Litigation and/or dispute resolution refers to any disputes which arise over the course of a commercial deal.
The dispute could arise over many different issues and between any parties to the deal. For example, an individual could raise a claim against a company, or a company could raise a claim against any other companies who are party to the deal.
The most common disputes which fall under litigation refer to contractual, corporate management and restructuring matters, but can also involve competition, fraud and regulatory mechanism issues.
The main procedures for solving disputes are:
Litigation can be costly – both financially and reputationally. When companies go through a public lawsuit, this can affect their image, deterring investors, consumers and potentially damaging existing business relationships with suppliers.
Similarly, if a dispute is not resolved quickly, court costs and legal fees can stack up. Often, due to the complexity of the disputed matters, cases can take months, or even years, to be decided by the court, leaving both parties with long periods of uncertainty.
Litigation’s public record could be an advantage too: there is no guarantee that the company’s conduct will remain private. There could easily be a leak and a company may be looked upon more favourably if it is publicly taking steps to address the issue.
Litigation also provides a clear answer for the parties to the deal. When litigation goes through the courts, precedence is considered meaning parties enter the process well-informed of their chances and predicted outcome. Furthermore, judgements obtained through litigation compel parties to comply, or they could face penalties.
Some companies are reluctant to use arbitration due to its lack of transparency. The process is still kept fairly secretive, and companies are less informed about the outcome of the dispute.
Another drawback of arbitration is its questionable objectivity. Critics often point to the risk of abuse, where an arbitration forum may depend, for its income, on the bigger party in order to generate repeat business.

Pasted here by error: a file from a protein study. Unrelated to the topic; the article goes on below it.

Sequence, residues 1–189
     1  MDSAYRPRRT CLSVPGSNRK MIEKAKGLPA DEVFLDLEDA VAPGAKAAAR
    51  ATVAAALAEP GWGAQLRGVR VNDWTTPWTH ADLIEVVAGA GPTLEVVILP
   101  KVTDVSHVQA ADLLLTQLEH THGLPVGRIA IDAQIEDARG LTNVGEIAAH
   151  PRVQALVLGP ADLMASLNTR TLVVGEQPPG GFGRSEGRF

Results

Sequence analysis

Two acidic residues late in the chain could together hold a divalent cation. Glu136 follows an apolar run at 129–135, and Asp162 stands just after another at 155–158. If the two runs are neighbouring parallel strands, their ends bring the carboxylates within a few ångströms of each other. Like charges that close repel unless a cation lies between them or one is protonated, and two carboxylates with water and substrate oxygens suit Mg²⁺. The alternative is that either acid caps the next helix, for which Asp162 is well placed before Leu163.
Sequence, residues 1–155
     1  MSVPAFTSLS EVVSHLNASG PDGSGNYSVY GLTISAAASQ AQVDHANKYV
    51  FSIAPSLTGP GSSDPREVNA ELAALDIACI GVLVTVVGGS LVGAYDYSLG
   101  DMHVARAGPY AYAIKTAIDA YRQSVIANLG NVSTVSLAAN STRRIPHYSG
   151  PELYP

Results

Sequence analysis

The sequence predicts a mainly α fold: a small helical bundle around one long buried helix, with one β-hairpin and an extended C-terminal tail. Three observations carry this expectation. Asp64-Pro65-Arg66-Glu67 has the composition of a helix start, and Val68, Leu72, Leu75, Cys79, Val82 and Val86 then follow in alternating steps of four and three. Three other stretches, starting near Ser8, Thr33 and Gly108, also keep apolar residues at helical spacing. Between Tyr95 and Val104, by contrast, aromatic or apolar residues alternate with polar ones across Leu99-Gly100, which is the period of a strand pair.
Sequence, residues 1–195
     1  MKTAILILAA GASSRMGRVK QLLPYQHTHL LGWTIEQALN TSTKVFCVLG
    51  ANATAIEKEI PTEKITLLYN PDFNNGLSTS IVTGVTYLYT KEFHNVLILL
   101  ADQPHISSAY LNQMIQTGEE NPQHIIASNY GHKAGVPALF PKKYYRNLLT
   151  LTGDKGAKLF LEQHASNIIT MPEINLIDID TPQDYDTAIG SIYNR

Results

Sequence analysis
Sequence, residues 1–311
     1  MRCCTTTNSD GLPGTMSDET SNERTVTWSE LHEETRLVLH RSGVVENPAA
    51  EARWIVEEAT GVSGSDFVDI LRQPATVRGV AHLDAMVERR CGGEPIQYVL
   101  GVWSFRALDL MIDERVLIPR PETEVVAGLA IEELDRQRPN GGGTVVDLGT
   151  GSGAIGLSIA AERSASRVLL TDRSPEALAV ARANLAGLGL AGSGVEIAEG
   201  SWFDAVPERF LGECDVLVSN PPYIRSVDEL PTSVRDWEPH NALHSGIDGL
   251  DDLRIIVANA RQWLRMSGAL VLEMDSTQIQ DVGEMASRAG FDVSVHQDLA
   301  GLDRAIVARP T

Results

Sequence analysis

Arbitration also presents limited avenues for an appeal. If the arbitration is mandatory and binding, the parties waive their rights to access the courts and have a judge decide the case. This, of course, will benefit one party but limited recourse for appeal could lead to an unfair decision.
The inability to appeal a decision can also count as a benefit, because it provides both parties with a certain end to the dispute. This often comes much faster than a court decision in litigation, so can be a much cheaper way of resolving the dispute.
However, Arbitration’s main advantage is its private nature. This means any documents or information revealed during the course of dispute resolution must be confidential and is kept out the public eye. This can benefit a company in maintaining their public image.
During arbitration, if the parties are in agreement, they can appoint a particular arbitrator with an appropriate degree of expertise. This is useful in highly technical disputes. In litigation, however, a judge cannot be chosen in any way. Similarly, because the parties are able to choose important elements such as the applicable law, language and venue of the arbitration, they can ensure no party enjoys a ‘home court’ advantage.
Lastly, the New York Convention 1958 has made it easier for arbitration awards to be enforced in other jurisdictions. Enforcing a court judgement in other nations still follows a complex and lengthy process.